Fun story about Zils.

In a subtle sign of defiance after his cortege was criticised for blocking Moscow traffic on his twice-daily ride to the Kremlin, Mr Putin will ride in the ultimate symbol of Russian power.

\”Limo Number One\”, as the vehicle has been dubbed, was especially made for the head of state and took six years to complete. The six-door ZiL 4112R has a huge 7.7 litre engine, calf-leather upholstery and a video screen to show passengers the road ahead even when shutters are drawn over the windows. It weighs 3.5 tonnes, has a top speed of 125mph and covers about 18 miles per gallon of fuel.

I wouldn\’t want to swear to the truth of this story (I think I first saw it in PJ O\’Rourke, make of that what you will).

To make a car body you need, umm don\’t know the technical word, a mould. A form if you like, which the machine then stamps the sheet steel into the right shape over. This is what makes the body, the bonnet, the roof, etc.

The Zil is actually built using the old Chrysler Imperial forms (err, molds?) from the 1950s. Back then the US body shape changed every year: so new molds every year. The Russians bought one set one year and have been using it ever since.

Obviously, such molds wear over time. It\’s said that you can tell how old or new one is by looking at the crispness of the folds and tucks in the body shape. The cleaner they are the older the car. For the wear and tear of use over the decades has led to blurring of said molds.

Too fun a story to be actually checked of course.

12 thoughts on “Fun story about Zils.”

  1. I got held up in traffic once due to an intergovernmental meeting whilst taking my wife to hospital.

    Why can’t the bastards use helicopters.

  2. You’re story’s possible Tim, but not necessarily true. Moulds (don’t you get mold on cheese in English English?) are used for mass production. A skilled metal worker can make a set of car panels from scratch just with sheet steel & the appropriate machinery. (once had the pleasure of helping one make a new set of wings for an Armstrong Lot of old cars couldn’t be pressed anyway. The introduction of the press & its limitations was one of the driving factors of car design.) Putin’s runabout was likely hand made. Hence the 6 years.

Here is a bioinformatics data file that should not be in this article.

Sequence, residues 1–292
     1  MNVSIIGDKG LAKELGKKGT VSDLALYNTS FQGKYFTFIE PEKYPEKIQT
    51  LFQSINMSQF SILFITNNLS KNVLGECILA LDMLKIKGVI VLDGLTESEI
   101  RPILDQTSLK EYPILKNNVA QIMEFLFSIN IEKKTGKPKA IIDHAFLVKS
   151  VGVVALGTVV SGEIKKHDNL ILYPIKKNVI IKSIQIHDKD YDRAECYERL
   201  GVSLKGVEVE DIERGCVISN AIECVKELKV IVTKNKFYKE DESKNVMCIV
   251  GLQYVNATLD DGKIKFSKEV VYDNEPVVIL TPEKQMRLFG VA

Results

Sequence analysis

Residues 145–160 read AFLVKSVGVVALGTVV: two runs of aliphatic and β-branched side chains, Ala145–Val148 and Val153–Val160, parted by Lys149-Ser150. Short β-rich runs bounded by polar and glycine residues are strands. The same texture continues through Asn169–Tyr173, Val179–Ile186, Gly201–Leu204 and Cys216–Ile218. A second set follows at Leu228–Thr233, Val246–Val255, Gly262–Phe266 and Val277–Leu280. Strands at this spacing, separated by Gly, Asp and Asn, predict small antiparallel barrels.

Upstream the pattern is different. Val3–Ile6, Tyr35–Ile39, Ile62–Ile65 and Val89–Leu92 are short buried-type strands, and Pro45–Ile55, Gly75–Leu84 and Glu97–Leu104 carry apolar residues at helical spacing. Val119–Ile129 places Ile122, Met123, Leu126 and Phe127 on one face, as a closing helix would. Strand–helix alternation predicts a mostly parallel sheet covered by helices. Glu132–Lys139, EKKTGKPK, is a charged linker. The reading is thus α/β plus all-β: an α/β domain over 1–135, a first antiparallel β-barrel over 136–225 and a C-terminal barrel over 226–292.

Bloody clever to get 18 mpg out of it though. Wish I could match that in my Voyager in Central London.

  3. Incidentally, went down the coast, to Iceland for some shopping, a few weeks ago & the rather odd looking beast parked outside had a 27 lt Merlin engine under the bonnet. Back end seemed slightly reminiscent of a Reliant Scimitar, so presume that was the donor for some of the body panels & lights.

    That’s some serious horsepower.

    And here is that car:

  4. @bloke in spain – better still is Lucky Keiser, an Aussie outback mechanic (the kind of bloke who can fix pretty much anything with a minimal toolkit) who found a number of Mosquito fighter bombers abandoned in a field in the Outback. So he too one of the V12 27-litre Merlin engines, sliced the end two cylinders off and shoe-horned the resultant 5-litre V-twin into a motorcycle frame. And then added a supercharger. And nitrous oxide injection.

  5. Oh, if we’re talking cars, had the pleasure of riding in a Lotus 7 had a Rover V8 shoehorned in along with twin turbos. We actually went to St Moritz*, for the evening. From Essex.

    *Lotus 7 Club piss-up. Don’t ask.

    Tim adds: Quite common: plenty of Westfields etc out there with the V 8. One for sale in Alicante right now.

    Then there’s also the bike engined versions. 1100 cc or 990 cc big bike engines in them. Top out quite low but 0-60 in 3 secs say? One of those for sale in Alicante right now too. If only I had a spare €8k…….

  6. Yeah, I believe Harry’s was the first. Would have been early 80’s. One of the mags track tested it & got a 3.5. And that was with a missfire at high revs. (They we’re quite enthusiastic about his 2lt ’63 Mini everyday car as well.)
    Certainly was the only car I’ve ever seen have wheelspin accelerating from a hundred.

  7. bloke in spain

    ….Bloody clever to get 18 mpg out of it though. Wish I could match that in my Voyager in Central London….

    You could if you never had to stop or slow down.

  8. A nice engine, the Rover V8. I remarked somewhere that Rover had re-engineered it from the GM original. Americans jumped in, denying that it was remotely possible that furrin engineers could improve an American design.

  9. dearime: I read it was modelled on a Buick engine. Also, the Detroit method of manufacturing created banana-shaped cylinder heads which were then machined flat, so the compression ratio varied from inner to outer cylinders. Rover’s methods were somewhat more refined. I once owned a SD1 for a while – lovely car. Pity about the fuel consumption!

Leave a Reply

Your email address will not be published. Required fields are marked *